Photo and story by Kerry Phelps Dale
A customer and his excited dog stick their heads in the door and Dwight greets them both by name. The quick conversation suggests a friendship beyond a client/barber relationship. When the man and his dog leave, Dwight moves effortlessly back to the task at hand, a razor cut and beard trim, and a warm conversation with the man in his chair.
“When you talk all day, you find a way to make what you say interesting,” he says, but with more humility than the words suggest, because Dwight is more a listener than a talker—an open vessel for others’ words and ideas. He gives all his clients an equal voice, no matter their politics or beliefs. “I want to offer beauty and strength to all kinds. I know how to manage pain and am not burdened by people’s stories, so I can accept them for what they are. I try to be patient and kind and that allows me to accept differences.”
“Most customers come in and start yawning,” he says as he gently brushes the hair from the neck of his client. “They relax. It’s about touch. Someone else’s touch can relieve your stress—you can’t do that for yourself.”
Dwight has clearly figured out the nuances of providing a quality personal service, but his success and expertise extend much further than his chair-side manner. He figures he has completed over 250,000 documented haircuts over the past 20 years and has accrued 734 clients after only six years in his Middleburg shop, Salon Aubrey, named after his oldest daughter. After realizing that this small community couldn’t fully support a high-end barbershop, he added women’s hair services, of which he was equally trained to provide. His business now includes women’s cuts and color and all the traditional services of a barbershop, including a few regular clients who come in for the traditional straight razor shave.
Dwight’s affinity for children led him to fashion his shop for families, instead of what would have been a more lucrative business catering to mostly affluent women. He loves children and has enjoyed watching his customers grow up over the years. “One boy, whose hair I have been cutting since he was three, came in the other day with his girlfriend. She was all over him,” he says. “ And I realized, he’s a man now. And I’m still cutting his hair.”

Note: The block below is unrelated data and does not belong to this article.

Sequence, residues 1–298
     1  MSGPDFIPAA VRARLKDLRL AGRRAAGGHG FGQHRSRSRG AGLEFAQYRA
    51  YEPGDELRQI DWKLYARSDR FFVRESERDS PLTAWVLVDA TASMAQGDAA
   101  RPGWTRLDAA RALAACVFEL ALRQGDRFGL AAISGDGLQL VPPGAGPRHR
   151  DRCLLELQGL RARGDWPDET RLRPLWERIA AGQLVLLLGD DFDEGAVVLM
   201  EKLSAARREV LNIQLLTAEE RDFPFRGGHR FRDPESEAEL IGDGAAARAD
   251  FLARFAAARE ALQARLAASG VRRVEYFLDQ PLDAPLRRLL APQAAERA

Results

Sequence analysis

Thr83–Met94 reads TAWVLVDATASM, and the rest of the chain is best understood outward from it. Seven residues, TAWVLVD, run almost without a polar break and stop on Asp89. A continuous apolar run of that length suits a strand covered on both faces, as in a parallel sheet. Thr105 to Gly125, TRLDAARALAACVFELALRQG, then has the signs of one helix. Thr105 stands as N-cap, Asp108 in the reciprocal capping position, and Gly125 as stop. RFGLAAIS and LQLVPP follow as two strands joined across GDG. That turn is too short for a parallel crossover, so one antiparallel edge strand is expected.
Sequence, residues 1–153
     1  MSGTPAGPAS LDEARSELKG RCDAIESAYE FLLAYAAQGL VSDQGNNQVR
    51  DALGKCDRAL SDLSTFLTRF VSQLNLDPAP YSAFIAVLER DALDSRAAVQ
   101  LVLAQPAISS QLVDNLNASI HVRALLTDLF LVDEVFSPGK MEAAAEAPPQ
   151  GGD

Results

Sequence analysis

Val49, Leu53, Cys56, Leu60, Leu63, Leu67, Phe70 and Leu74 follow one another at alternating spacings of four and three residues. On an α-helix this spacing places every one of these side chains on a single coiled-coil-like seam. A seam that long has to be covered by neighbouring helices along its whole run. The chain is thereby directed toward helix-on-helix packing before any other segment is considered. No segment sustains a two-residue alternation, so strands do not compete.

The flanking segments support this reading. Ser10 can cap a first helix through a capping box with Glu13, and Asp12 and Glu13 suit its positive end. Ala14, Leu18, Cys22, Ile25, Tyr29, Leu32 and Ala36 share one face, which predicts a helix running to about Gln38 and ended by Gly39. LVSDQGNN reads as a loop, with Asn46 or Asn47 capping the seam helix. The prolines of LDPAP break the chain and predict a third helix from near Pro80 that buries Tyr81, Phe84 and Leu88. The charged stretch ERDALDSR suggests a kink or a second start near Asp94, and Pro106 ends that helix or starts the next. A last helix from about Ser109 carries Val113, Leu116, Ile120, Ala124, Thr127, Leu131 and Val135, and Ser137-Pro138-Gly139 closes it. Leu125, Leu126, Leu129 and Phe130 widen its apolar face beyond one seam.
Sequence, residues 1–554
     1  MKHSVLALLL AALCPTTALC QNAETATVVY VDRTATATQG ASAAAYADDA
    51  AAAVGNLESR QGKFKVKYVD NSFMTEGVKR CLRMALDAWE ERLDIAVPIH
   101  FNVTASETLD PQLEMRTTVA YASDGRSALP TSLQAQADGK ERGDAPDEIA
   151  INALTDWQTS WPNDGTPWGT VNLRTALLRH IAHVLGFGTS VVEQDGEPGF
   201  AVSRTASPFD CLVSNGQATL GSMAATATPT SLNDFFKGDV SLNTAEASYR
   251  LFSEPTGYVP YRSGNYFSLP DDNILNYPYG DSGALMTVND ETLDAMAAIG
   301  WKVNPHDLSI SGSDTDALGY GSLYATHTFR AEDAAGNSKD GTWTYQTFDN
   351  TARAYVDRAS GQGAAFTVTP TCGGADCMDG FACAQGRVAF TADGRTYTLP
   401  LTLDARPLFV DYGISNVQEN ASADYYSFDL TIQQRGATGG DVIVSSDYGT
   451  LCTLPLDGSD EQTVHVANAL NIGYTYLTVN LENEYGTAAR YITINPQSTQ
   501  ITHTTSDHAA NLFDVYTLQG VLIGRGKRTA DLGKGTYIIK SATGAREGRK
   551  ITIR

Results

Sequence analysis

“I’m proud to say that each generation of my family has made positive impacts on this community.”
Dwight regularly works out at a gym to counter the effects of standing all day with arms suspended at shoulder height, and is also training for a triathlon. Woodworking, too, gives him both the physical and mental release needed after a long day or week. Dwight made the counter in his shop and the beautiful walnut top was harvested locally.
For someone who talks to people all day long, “the perfect amount of conversation,” said one customer, he is more introvert than extrovert, by his own admission. “I feel nurtured in silence,” Dwight allows. “I have a lot of interesting thoughts; I don’t feel the need to talk to someone all of the time.”
Dwight makes his home in Centreville where he and his wife, Judith, enjoy their blended family of six children. “We’re the modern-day Brady Bunch,” he says, “My three biracial children and her three biracial children.” Their children range in age from eight to 25 years old and recently Dwight’s oldest son was offered a scholarship at New York University and plans to attend there in the fall.
Dwight’s mother’s and father’s families go back eight generations in this Piedmont area of Virginia, and though he was born in Washington, DC, Dwight lived in Upperville for much of his childhood and adolescence and is considered by locals to be a hometown boy returned.
“I’m proud to say that each generation of my family has made positive impacts on this community,” he says. Dwight certainly is carrying on that family tradition. ML